By @MichaelCaples –
Over the past four decades, Ron Hayes has served as the head of the ‘Learn-to-Skate’ program for the Plymouth Canton Hockey Association.
During that timeframe, he has taught many future NHL and college hockey players how to stand on the ice and eventually fly across it.
Yet the most telling impact Hayes has had on the game may be the amount of players he helped that he’s not even aware of. Hayes, who works as an off-ice official for the Detroit Red Wings as one of his many different hockey duties, fondly tells the story of receiving an email from Mike Kaput, one of his former instructors, about a preseason NHL game between the Wings and Chicago Blackhawks.
“He said, ‘Hey Ron, did you score the Red Wings vs. Blackhawks game?’ I said ‘Yeah, why?’ And he said two of those kids for the Blackhawks went through our program. ‘I know, because they were in my group,’ Kaput said to me.”
Hayes, who is retiring from the ‘Learn-to-Skate’ program after building it from the ground up in 1975, said moments like that made all his work over the last 40 years well worth it.
“I didn’t know, I had no idea,” Hayes said of the aforementioned story.
A program that started with 12 children reached as high as 261 one particular season, all under Hayes’ guidance. The man who has worn more than enough hats around the hockey community – president of the Michigan Amateur Hockey Association, executive board member for Little Caesars and Adray, MAHA’s director of initiation programs and more – won’t be leaving the game entirely. In fact, he said that as far as his job with the Red Wings goes, “they’re going to have to throw me out.”
Yet he did decide it was time to hang up the skates with the Plymouth-Canton program.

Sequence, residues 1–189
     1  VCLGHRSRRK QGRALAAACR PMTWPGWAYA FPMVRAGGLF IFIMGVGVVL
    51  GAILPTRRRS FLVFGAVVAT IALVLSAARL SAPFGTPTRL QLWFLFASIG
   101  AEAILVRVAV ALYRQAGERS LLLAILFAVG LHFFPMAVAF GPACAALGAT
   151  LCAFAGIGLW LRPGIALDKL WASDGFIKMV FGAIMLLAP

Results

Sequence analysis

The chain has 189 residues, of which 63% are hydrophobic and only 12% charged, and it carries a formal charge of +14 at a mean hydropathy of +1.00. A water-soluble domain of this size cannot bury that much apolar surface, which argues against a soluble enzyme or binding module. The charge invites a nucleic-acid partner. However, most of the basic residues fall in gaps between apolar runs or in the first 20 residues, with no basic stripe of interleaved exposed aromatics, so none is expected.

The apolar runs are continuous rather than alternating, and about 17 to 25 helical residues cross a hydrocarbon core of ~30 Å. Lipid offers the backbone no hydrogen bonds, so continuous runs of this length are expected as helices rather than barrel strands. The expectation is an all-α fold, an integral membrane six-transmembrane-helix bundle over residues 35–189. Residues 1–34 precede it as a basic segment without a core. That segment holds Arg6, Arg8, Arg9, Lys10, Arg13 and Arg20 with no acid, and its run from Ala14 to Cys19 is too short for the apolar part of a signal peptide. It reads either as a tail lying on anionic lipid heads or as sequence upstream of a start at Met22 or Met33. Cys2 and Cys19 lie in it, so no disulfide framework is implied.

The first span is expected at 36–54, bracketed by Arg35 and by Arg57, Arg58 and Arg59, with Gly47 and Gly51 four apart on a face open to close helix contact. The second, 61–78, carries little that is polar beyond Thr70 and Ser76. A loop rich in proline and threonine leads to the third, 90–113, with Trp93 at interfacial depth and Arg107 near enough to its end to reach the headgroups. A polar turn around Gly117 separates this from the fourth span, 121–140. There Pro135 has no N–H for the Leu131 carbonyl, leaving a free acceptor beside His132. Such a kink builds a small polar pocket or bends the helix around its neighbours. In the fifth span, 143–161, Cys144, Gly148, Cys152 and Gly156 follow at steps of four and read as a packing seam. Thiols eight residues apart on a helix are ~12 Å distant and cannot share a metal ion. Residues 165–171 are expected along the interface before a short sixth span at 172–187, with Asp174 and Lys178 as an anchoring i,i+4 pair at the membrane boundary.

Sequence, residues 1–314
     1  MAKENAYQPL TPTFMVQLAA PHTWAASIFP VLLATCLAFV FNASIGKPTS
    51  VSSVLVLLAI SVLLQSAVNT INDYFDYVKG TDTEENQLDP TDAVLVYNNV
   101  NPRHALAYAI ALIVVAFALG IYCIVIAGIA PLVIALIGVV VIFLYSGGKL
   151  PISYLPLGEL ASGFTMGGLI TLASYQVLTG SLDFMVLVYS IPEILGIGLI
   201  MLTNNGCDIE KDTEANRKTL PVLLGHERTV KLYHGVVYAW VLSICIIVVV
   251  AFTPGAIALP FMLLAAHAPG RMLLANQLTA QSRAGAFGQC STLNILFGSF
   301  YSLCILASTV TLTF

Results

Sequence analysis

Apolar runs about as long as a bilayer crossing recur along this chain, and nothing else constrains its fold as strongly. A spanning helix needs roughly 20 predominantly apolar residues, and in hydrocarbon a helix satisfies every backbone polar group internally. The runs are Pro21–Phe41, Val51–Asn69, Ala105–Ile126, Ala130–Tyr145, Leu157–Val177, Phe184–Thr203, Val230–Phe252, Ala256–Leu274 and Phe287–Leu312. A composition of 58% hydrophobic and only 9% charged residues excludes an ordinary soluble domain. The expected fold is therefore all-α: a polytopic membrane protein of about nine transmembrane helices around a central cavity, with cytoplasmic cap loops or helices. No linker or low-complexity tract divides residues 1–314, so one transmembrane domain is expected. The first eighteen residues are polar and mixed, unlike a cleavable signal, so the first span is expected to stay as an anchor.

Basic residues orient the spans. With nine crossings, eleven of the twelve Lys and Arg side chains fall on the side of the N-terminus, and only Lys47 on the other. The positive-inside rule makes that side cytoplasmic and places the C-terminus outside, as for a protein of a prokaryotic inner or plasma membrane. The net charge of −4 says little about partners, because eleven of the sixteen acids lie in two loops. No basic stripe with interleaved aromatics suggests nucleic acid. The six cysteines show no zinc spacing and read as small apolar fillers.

“At the start, we charged $2 if you showed up to skate on a Saturday – if you didn’t show up, no $2,” Hayes said. “We really had no finances coming, but we didn’t pay for the ice, so we used the $2 to buy Cokes or something like that after. From there, it evolved to what it is today.”
Hayes was the 2009 recipient of USA Hockey’s William Thayer Tutt Award, presented to a volunteer who, during many years of service, displayed a selfless dedication to the growth and enhancement of hockey at the grassroots level. He takes great pride in the fact that he has helped produce not just quality hockey players, but quality people. In the same sentence where he talked about how former NHL player and coach Brian Rolston would drive in from Fenton for his camps, Hayes also reflected on how participant Joe Sullers turned a hockey scholarship from Ohio State into a successful business career after hockey.
Hayes knew the kids by the first name written across the piece of tape on their helmets, which meant that there were immediate surprises (turns out that a ‘Jeff’ on the ice was the son of Detroit Tigers pitcher Dan Petry sitting in the stands) and later ones.
“Chris Conner came in from Westland, and I did not know that until their neighbor 15 years later, through Chris’ mom and dad, her boy was interested in skating and his mom and dad said you have to go to Plymouth. This woman came up to me and said, ‘I was told to come here,’ and I said, ‘Well that’s nice, who told you?’ ‘Chris Conner’s parents.’ I thought, ‘OK now I know of another one.’”
“But you don’t know. You see them at five, six years old, and I lose track, and I don’t know their last names, because all I have is the tape on the helmet.”
The work Hayes did with the ‘Learn-to-Skate’ program provided a foundation for a longstanding hockey association in more ways than just player development. While Hayes was on the ice with players just learning how to circle around a cone, he was also on the ice with instructors who would soon become coaches for Plymouth- Canton.
“We used our program, our ‘Learn-to-Skate’ program, to generate coaches for the association, because we would put them on the ice, see how they interacted with the kids, see what their hockey skills were and that type of thing. Then we would advise the Plymouth Canton Hockey Association that ‘this coach looks like he’s good, let’s keep him.’ We would keep them on the ice for the entire year, so they could watch what we did, so when they got a team, they were ready.”
Hayes will still be working in the grassroots level of hockey, assisting with MAHA’s ‘Try Hockey For Free’ initiatives. With all he has invested in the game, how could he not? After all, with all the players he has helped over the years, a few more wouldn’t hurt.
“It’s rewarding,” Hayes said. “They don’t forget you. The kids don’t forget you. That, to me, is really something, to see a grown-up, an adult, and he remembers you and he’s respectful. It’s great.”